Part 2 in a two-part blog series.
In last week's blog, we discussed three ways you can improve your manufacturing process using additive manufacturing technology. In this week's blog, we'll talk about what additive manufacturing capabilities are required to enable manufacturers to implement the three process improvements we outlined: 1) Augmenting your additive manufacturing lab with industrial-class office 3D printers, 2) 3D print replacement and custom tooling on the production floor and 3) 3D print short-run, end-use custom products outside the lab.
Additive manufacturing capabilities required to enable manufacturers to improve their manufacturing processes
- Products manufactured with 3D printers must possess the same material properties (strength, surface finish, HDT, etc.) as injection molded parts.
- 3D printed products will need to be in the same full color that you expect from parts manufactured using traditional means.
- If you’re going to put a printer in your office, on the production floor, in the field or in your medical office, the process must be clean and safe and without harmful outgassing. And, to produce many types of products, the materials must also be safe.
- In addition, the system must be compact and light enough for placement in any office or field environment, yet have a large enough build volume to print most parts needed.
- Since you’ll use the 3D printer in part to gain cost efficiencies for your low-volume manufacturing process, it needs to be affordable to purchase and, more importantly, operate.
- And, since the 3D printer will be operated by mechanical and manufacturing engineers, mechanics, soldiers, doctors and people who aren’t expert users of additive manufacturing equipment, it must be as easy to use as your typical document printer. You need to be able to send your file to the printer, press ‘print’ and have your completed product a few hours later.
However, the reality of today’s printers is that they can’t meet all these requirements.
At one end of the spectrum, you have professional 3D printers that serve prototyping and tooling applications. And these systems must, or should be, located in labs. Or, you have hobby printers marketed as commercial 3D printers that simply can’t meet the needs of industrial applications.
At the other end of the spectrum, in the realm of serving manufacturing applications, we have the metal 3D printers, HP and Carbon. But all these systems must remain in the lab; they cannot break out into the manufacturing environment and they require you to make sacrifices in complexity, time, cost, and even material properties.
There’s an enormous unmet market between prototyping and manufacturing for functional prototypes and custom one-offs of production parts on demand in an office, next to the assembly line, mechanic’s shop…you name it, that those technologies can’t address; only Rize can.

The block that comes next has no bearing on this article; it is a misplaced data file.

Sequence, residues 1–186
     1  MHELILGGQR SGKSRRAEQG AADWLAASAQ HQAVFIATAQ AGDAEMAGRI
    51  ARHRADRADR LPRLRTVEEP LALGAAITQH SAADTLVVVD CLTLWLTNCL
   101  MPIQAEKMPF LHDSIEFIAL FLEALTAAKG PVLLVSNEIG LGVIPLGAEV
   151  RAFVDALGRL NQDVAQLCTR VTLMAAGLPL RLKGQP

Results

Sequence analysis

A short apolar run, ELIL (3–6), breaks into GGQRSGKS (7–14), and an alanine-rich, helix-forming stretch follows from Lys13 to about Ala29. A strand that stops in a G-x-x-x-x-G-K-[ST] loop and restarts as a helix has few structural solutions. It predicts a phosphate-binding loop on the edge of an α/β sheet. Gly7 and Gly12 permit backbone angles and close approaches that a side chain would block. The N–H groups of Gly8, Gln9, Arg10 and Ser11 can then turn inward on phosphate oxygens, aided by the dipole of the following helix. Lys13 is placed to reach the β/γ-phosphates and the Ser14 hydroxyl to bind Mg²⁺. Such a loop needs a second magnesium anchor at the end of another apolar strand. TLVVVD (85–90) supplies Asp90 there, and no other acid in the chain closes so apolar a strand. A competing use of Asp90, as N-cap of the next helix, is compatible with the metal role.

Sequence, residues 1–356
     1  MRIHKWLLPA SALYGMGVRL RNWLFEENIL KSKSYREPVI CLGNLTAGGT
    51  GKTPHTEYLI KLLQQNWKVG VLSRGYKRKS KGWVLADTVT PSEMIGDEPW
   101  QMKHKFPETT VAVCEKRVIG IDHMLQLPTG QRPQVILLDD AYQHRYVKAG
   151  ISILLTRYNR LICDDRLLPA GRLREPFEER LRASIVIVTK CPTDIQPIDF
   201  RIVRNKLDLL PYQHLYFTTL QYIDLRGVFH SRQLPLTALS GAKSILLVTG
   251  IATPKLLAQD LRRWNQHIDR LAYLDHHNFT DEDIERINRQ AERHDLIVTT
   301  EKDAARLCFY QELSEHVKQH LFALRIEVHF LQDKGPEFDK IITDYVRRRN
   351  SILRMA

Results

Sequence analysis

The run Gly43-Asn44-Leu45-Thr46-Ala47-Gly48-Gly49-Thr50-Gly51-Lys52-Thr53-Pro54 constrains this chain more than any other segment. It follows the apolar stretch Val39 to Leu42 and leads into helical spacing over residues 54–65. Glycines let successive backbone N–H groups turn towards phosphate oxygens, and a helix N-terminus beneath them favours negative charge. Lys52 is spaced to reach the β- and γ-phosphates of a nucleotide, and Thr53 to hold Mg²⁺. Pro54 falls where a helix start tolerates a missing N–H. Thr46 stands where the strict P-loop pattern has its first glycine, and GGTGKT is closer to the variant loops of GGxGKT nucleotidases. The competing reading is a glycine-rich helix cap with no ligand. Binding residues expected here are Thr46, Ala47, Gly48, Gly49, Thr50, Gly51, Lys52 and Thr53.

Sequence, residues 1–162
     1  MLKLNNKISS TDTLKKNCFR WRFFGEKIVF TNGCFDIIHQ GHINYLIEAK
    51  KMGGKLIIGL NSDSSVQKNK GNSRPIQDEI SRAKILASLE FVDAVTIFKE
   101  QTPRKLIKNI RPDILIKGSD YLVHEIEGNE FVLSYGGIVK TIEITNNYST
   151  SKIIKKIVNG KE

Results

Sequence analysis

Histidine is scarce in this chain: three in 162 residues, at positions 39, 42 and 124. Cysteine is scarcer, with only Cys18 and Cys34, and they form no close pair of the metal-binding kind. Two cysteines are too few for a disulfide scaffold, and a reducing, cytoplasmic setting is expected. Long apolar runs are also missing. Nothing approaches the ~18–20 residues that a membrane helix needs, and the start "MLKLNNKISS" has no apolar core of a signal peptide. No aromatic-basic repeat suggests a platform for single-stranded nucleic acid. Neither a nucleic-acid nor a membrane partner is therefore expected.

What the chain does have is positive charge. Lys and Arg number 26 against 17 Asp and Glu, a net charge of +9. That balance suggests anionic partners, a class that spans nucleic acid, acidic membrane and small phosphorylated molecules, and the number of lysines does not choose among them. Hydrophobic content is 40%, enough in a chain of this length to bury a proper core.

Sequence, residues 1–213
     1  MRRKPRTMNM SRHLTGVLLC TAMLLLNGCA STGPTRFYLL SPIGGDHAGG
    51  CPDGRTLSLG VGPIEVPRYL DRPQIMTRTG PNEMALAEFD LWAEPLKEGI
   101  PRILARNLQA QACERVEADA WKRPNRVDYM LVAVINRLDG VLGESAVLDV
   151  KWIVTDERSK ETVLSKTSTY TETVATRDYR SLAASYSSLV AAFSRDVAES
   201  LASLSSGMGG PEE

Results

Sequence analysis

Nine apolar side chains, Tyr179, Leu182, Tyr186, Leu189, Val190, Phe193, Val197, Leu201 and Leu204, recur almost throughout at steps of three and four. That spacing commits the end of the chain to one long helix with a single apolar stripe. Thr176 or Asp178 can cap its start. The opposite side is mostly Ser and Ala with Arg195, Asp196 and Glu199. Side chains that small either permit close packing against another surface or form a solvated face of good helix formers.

Rize is changing how products are designed and manufactured, providing the only additive manufacturing technology that enables manufacturers and other commercial users to speed R&D and production processes up to 100% and save $Millions by producing injection molded-quality parts on demand, virtually anywhere, quickly, easily, cleanly safely and affordably.
Our dual extrusion/jetting technology enables us to 3D print replacement parts and custom tooling in the field. Looking ahead into the not-too-distant future, we’ll be able to print products like industrial brackets with composite materials, functional fillers; microchip heat sink with defined microstructure materials; multilayer batteries with smart sensors and hearing aids with variable hardness. We’ll even be able to print products that are flame retardant, conductive and more!
So, let’s return to the original checklist of improvements you need to make to your manufacturing process that we outlined in last week's blog, and see how using Rize additive manufacturing technology to 1. Augment your AM lab 2. Produce custom and replacement tooling, fixtures and jigs on the production floor and 3. Build one-offs of custom, end-use products in shops and doctors’ offices meets those needs:
- You need to speed your production process. Using Rize technology to build injection molded-quality parts on demand, outside the lab, can speed your process by up to 100%.
- You need to cut costs. Using Rize can save you millions per year in labor, facilities, materials, time to market and other significant expenses.
- You need to reduce part errors and since Rize increases the number of iterations each engineer can complete per design, the accuracy of the part improves. Plus, you can enhance the accuracy and efficiency of your production line by printing custom tools on the fly.
- Customers demand increasing customization and it’s a way for you to differentiate from your competitors. But it’s difficult to customize efficiently. Rize cost and time efficiently enables you to produce one-offs of customized, injection molded-quality end-use products.
- More and more companies have VPs of Innovation or Chief Innovation Officers who are charged with turning processes and products on their heads in an effort to differentiate themselves and make the kinds of improvements we’ve discussed. While lab machines restrict innovation and require a company to work around its limitations, Rize accommodates your needs. You can run it virtually anywhere, by anyone in the company at any time.